Today is election day, and 100 Million people have already voted. In all probability, this year’s total number of voters is on pace to exceed 2016 elections. While the voting is on, there is a real concern over disinformation campaigns that might affect the outcome. Recently, Trustwave published an article stating that 186 million voters’ information had been posted online. Over 400 potential data points are provided about each individual.
With all of this information out there, cybercriminals are using it, and are tapping into political frenzy with a new phishing lure. This cyber-attack starts with a message that warns U.S. targets that their voter registration data needs extra details. The message purport to come from the U.S. Election Assistance Commission, an independent agency of the United States government that serves as a national resource of information regarding election administration. The message contains a URL, which leads to a spoofed web page that steals a variety of targets’ personal data, including name, date of birth, mailing address, email address, Social Security number and driver’s license data.
If someone were to complete the above form and submit, they could face a litany of issues and problems down the road:
Stolen personal information can be used to harm companies
Stolen personal data is used for future target phishing attacks and extortion
Stolen personal information is fuel for identity theft
Hackers can sell personal data to other criminals
impact of corporate security, impact on remote users, and on and on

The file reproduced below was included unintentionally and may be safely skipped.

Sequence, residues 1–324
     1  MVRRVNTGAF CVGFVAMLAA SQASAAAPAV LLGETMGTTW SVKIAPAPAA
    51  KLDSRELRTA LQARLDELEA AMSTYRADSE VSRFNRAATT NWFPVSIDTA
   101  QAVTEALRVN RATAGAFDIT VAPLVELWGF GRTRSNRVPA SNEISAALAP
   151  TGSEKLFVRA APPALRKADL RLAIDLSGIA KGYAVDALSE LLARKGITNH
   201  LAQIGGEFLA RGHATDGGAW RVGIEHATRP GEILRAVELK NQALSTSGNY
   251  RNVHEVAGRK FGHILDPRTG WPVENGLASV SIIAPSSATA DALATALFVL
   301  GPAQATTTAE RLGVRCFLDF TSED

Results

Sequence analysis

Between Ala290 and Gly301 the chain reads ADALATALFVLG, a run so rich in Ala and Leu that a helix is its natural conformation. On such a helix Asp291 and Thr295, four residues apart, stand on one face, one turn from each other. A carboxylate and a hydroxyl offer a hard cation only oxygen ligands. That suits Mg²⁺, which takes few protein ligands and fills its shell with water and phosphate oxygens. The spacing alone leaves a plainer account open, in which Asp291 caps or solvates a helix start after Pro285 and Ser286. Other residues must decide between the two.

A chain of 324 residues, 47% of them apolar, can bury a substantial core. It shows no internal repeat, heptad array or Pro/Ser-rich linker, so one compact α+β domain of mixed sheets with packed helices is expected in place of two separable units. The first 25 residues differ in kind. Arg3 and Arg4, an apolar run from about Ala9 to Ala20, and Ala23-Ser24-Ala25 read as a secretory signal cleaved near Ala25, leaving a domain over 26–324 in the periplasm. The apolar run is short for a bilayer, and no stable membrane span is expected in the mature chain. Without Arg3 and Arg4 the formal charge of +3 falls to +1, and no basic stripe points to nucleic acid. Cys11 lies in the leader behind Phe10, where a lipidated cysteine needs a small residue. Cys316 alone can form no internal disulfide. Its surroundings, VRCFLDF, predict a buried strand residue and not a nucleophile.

How can Elisity help?
Elisity Cognitive Trust (ECT) flips the traditional way of managing security on its head. Instead of the traditional “trust but verify” method of managing access to- and on a corporate network, ECT works a bit differently, requiring that all traffic, users, applications, hosts, devices, can be authorized only if they have an explicit policy.
Additionally, when an app/device/user/etc. is verified, the trust granted only applies to that one connection. So, every time a communication is initiated on a cognitive trust network, the “what” trying to connect must be verified again to ensure that a threat actor hasn’t intercepted the communication, isn’t hiding inside approved controls, or hasn’t dropped malware onto the system.
So, how does this all help with compromised user data? In a cognitive trust secure network, all systems— servers, applications, databases, hosts, etc.—run on the principle of least privilege. This means that only systems/apps/etc. that require access to another system/app/etc. are configured to send and receive communication to and from other network connections.
Detection of risky user devices
Detection of user is authentication from a different device
Learning of device vulnerabilities and security posture from other enterprise vulnerability management systems, and control access to the device
What else can ECT do?
Monitor behavior of user not just at entrance but throughout the session (continuous monitoring), contrast this with our competitors who just monitor risk at the time of authentication
Monitor behavior and automatically provide policies relevant for a user